The following post is a guest contribution by Jesse Lawrence, CEO and Founder of TiqIQ, who discusses how professional sports teams will soon disrupt the secondary ticket market by leveraging “big data” to deliver customized and targeted deals directly to fans
In the next five years the ticket market will likely look nothing like the scenarios you’ve grown up with, which, depending on your age, either involved waiting on line outside for ticket offices to open, or hitting “refresh” until tickets went on sale online. As often happens, a startup will be vying to disrupt the market, but this time the startup doing the disrupting won’t be run by 20-something Silicon Alley wunderkinds, or even Silicon Valley vets. In this next market turn, the startups will be professional sports teams looking to recapture the billions of dollars in market value that has slipped through their hands over the past 20 years.
In this fight, teams are embracing data: big, small and everything in between, and in ways that were unimaginable 10 years ago. In your dad’s ticket market, Ticketing Vice Presidents relied on radio, print, TV, and their gut instincts to price tickets and attract buyers. Today, the smartest of those VPs think like traders, and organizations understand the power of a pixel. There is a shared belief that convergence of these two skill sets inside of team front offices may have as big an impact on the market as StubHub did 20 years ago. And if those VPs are right, the ticket market of the future may in fact look a lot more like the ticket market of the past, one in which teams, and the old-fashioned box office, were the only games in town.
But first some history: The Internet had a profound impact on the ticket market unlike many other industries. Previously an inefficient and local market, online sales pushed ticketing into the light and brought margin-trimming efficiency, virtually (pun intended) overnight. In what was already a cut-throat market, those that didn’t understand how to use the Web disappeared, and new, tech-savvy players emerged. The main driver of this new-found efficiency was a company originally called LiquidSeats and now known as StubHub. The liquidity and access that it introduced caught many sellers, including sports teams, flatfooted.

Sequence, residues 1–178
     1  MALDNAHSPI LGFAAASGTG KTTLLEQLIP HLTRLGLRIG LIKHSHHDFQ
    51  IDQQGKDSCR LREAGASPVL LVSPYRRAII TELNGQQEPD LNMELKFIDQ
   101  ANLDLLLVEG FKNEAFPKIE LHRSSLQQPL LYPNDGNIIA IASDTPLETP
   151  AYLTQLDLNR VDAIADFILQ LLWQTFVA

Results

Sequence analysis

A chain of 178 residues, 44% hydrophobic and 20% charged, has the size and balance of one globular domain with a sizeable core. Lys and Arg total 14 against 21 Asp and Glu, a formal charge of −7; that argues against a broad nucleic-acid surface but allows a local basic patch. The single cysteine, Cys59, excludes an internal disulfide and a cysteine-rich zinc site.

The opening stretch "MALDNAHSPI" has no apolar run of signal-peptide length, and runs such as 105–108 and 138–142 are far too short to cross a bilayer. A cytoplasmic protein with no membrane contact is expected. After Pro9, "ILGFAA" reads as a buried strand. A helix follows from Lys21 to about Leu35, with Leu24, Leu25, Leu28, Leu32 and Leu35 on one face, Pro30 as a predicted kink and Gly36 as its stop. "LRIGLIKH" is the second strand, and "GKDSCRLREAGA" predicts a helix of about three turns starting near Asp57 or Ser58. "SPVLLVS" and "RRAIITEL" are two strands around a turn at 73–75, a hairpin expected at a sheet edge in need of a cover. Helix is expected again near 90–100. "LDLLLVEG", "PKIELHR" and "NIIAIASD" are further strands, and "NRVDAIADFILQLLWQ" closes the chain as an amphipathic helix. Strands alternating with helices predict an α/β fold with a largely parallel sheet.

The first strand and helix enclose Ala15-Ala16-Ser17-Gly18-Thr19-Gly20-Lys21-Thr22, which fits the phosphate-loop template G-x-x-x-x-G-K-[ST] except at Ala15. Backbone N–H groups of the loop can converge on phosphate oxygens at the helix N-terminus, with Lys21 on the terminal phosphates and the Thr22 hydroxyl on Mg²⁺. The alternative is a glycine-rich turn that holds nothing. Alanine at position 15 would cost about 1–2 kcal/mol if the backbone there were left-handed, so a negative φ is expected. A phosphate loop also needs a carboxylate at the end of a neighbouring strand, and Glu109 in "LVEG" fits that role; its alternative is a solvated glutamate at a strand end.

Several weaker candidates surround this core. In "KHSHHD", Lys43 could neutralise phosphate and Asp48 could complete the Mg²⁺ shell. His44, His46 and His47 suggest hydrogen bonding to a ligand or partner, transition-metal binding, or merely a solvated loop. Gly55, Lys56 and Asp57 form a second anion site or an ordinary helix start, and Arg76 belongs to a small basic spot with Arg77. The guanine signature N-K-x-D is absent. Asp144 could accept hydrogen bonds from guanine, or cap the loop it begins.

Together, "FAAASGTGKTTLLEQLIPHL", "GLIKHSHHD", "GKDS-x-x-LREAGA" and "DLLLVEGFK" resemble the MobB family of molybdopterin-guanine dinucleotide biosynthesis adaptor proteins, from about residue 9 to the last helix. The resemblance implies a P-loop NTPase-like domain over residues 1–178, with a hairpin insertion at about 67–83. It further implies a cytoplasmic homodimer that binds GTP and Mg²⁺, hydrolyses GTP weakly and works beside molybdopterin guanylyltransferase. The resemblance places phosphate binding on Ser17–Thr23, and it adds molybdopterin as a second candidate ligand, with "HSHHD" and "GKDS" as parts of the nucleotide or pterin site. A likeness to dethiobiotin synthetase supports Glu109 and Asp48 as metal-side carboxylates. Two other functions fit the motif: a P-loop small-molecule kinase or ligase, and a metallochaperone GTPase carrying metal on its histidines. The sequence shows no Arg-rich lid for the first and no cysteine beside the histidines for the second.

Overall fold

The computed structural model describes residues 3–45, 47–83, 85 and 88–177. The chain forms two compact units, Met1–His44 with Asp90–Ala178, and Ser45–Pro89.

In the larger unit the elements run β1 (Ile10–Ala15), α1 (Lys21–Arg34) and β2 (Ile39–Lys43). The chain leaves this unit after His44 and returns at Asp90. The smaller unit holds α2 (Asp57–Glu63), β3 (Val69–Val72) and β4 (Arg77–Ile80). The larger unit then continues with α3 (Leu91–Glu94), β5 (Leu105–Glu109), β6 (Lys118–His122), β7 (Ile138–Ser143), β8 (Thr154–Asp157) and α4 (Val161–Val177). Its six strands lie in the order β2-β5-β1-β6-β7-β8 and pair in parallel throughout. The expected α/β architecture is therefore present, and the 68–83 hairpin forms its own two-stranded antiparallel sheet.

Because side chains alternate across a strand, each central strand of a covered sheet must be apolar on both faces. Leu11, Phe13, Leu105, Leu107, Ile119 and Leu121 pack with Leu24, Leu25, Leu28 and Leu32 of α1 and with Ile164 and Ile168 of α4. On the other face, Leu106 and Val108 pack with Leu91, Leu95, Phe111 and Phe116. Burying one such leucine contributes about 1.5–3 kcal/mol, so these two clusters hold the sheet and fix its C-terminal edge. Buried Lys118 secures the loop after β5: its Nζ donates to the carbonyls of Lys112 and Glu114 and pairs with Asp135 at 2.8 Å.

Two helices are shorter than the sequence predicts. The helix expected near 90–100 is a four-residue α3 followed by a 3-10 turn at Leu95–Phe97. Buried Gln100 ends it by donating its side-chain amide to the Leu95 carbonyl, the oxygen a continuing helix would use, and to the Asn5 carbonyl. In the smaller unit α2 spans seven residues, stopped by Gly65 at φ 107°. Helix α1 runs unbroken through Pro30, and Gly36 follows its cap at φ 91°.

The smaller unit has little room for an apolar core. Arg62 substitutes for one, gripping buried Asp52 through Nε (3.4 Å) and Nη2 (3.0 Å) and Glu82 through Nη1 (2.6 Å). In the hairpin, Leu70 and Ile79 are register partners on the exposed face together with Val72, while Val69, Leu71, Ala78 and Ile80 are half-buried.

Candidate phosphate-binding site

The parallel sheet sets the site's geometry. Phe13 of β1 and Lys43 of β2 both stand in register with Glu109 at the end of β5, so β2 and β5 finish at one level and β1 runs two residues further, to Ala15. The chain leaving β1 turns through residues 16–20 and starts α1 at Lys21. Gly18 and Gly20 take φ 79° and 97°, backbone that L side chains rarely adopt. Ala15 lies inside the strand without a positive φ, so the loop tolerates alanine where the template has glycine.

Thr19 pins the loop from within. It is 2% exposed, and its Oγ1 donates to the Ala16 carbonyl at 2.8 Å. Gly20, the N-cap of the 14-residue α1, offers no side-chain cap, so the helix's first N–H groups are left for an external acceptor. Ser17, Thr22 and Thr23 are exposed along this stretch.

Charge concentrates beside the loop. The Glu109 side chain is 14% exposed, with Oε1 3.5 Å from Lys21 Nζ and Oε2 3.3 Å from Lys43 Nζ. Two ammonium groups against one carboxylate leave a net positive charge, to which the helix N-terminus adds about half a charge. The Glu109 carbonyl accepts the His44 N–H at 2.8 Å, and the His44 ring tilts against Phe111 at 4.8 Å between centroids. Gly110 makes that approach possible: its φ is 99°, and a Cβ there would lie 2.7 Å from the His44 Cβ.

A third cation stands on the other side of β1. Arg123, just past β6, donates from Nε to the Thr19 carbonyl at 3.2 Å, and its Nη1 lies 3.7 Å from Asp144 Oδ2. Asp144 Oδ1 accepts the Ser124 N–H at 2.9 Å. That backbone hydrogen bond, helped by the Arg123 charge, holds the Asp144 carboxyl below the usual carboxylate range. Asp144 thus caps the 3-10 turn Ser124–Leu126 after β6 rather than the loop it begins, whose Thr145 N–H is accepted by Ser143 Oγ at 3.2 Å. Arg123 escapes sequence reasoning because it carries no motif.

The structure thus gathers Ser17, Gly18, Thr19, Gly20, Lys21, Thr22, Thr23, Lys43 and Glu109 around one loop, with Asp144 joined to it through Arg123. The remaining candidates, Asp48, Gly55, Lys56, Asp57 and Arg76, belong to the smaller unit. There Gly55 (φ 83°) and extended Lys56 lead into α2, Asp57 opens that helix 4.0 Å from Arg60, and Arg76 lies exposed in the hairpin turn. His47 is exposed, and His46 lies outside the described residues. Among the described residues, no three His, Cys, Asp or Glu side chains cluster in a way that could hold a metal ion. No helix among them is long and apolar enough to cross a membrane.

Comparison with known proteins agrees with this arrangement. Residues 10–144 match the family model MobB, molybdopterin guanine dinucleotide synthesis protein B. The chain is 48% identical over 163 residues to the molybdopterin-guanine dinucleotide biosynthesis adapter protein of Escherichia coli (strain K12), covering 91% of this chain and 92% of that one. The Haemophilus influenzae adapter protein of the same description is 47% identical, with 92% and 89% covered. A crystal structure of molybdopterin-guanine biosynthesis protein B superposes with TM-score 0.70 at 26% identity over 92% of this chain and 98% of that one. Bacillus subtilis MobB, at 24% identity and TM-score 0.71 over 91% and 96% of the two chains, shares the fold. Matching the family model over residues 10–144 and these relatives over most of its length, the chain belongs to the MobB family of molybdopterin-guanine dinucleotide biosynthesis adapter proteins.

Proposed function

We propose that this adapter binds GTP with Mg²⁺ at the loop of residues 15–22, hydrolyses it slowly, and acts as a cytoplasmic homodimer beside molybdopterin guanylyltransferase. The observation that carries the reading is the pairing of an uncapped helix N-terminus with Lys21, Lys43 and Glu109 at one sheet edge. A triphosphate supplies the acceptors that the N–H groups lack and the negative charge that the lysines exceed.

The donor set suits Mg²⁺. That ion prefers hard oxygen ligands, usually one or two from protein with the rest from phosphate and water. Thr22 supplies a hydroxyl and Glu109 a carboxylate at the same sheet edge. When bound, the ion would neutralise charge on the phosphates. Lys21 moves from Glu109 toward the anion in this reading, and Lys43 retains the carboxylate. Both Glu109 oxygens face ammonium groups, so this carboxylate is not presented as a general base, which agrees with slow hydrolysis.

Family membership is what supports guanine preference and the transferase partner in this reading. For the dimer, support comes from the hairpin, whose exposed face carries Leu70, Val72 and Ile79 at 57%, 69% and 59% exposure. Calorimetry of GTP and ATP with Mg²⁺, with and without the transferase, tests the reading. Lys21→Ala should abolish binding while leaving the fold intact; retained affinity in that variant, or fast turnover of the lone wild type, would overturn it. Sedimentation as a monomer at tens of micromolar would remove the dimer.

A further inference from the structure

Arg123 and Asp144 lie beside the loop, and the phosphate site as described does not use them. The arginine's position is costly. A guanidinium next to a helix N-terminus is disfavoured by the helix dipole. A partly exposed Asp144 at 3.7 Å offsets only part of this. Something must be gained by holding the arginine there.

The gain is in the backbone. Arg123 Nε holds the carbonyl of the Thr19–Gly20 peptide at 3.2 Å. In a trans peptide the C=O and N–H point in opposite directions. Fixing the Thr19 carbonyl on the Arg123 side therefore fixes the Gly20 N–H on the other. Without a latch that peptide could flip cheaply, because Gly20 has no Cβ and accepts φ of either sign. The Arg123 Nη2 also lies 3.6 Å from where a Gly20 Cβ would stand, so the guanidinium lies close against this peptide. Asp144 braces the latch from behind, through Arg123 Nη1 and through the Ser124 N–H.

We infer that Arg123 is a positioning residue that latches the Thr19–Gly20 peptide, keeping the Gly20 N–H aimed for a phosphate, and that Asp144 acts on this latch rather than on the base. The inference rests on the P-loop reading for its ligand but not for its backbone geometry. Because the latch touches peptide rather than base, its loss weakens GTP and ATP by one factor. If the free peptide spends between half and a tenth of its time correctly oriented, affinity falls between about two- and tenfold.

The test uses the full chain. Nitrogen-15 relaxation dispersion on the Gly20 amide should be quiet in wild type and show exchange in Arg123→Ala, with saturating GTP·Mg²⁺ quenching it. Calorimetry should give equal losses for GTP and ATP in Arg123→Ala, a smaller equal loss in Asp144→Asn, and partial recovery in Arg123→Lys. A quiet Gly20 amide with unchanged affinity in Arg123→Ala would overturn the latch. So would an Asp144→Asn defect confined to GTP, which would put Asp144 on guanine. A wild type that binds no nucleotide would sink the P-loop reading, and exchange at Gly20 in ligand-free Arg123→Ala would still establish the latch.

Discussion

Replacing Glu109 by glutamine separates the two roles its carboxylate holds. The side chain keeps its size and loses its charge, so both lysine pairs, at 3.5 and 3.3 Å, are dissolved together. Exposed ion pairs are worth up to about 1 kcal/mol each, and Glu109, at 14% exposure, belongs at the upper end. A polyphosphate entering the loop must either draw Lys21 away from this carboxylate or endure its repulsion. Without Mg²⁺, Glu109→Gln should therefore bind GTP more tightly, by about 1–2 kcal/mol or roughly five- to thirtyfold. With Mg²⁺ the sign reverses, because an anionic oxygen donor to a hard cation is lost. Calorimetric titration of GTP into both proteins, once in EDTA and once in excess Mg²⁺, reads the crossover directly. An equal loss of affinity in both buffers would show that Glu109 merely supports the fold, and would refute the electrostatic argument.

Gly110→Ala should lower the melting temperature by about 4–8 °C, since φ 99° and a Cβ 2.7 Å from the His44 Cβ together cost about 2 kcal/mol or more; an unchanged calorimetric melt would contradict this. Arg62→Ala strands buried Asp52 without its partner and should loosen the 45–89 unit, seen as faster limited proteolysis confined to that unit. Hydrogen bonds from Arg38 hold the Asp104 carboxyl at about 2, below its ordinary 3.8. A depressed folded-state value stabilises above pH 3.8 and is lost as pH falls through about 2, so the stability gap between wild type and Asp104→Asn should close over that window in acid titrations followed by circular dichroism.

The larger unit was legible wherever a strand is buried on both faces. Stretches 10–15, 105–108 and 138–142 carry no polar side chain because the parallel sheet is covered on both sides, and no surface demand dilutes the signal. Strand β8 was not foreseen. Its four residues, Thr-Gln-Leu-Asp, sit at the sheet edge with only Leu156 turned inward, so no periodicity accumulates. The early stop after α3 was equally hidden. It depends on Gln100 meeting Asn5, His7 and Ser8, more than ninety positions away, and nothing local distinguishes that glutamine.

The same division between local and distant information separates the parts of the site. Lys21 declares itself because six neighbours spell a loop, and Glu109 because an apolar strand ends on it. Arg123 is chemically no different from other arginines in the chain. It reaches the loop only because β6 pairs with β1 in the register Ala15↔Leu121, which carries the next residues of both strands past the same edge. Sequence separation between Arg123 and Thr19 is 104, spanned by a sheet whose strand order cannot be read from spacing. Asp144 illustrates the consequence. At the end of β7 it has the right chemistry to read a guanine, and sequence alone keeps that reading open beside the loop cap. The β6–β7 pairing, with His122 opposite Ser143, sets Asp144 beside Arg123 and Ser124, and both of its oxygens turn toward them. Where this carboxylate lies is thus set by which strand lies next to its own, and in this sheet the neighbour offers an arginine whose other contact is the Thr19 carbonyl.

In 2003, as the secondary ticket market continued to grow, eBay—the original ticket marketplace– purchased StubHub for $300 million. Since then, the company has grown to more than $1 billion in annual sales. Along the way, team operators have done a lot of hand-wringing, but have done very little to fight back. This season is different, though, with a handful of professional sports teams launching their own ticket exchanges to compete with StubHub directly. The Yankees were the first to take the leap and create their own ticket exchange, and the Los Angeles Angels quickly followed suit. It’s inevitable that other teams will follow a similar path in the months and years ahead.
Captive exchanges, however, are just the latest effort by teams to take back the ticket market. In the last five years, more than half of Major League Baseball teams have started to use dynamic pricing to adjust prices in real-time, and almost all are using data-driven marketing techniques like re-targeting. In 2013, CRM (Customer Relationship Management) has become as important an acronym to marketing organizations as ERA is to managers and pitching coaches. The multiple data touch points—both inside and outside the stadium— available to teams represent a market-disrupting opportunity to rethink the ticket purchase as just the first of many products and services that the team can offer their fans once they’ve signaled an intent to attend a game. These offerings range from the standards like concession deals, to higher tech options like stored value tickets, and even experiential reward programs. All of these give fans access to experiences and deals that they’re likely to remember the next time they’re in-market for ticket. When they are, chances are that teams will know, and they’ll have a deal waiting.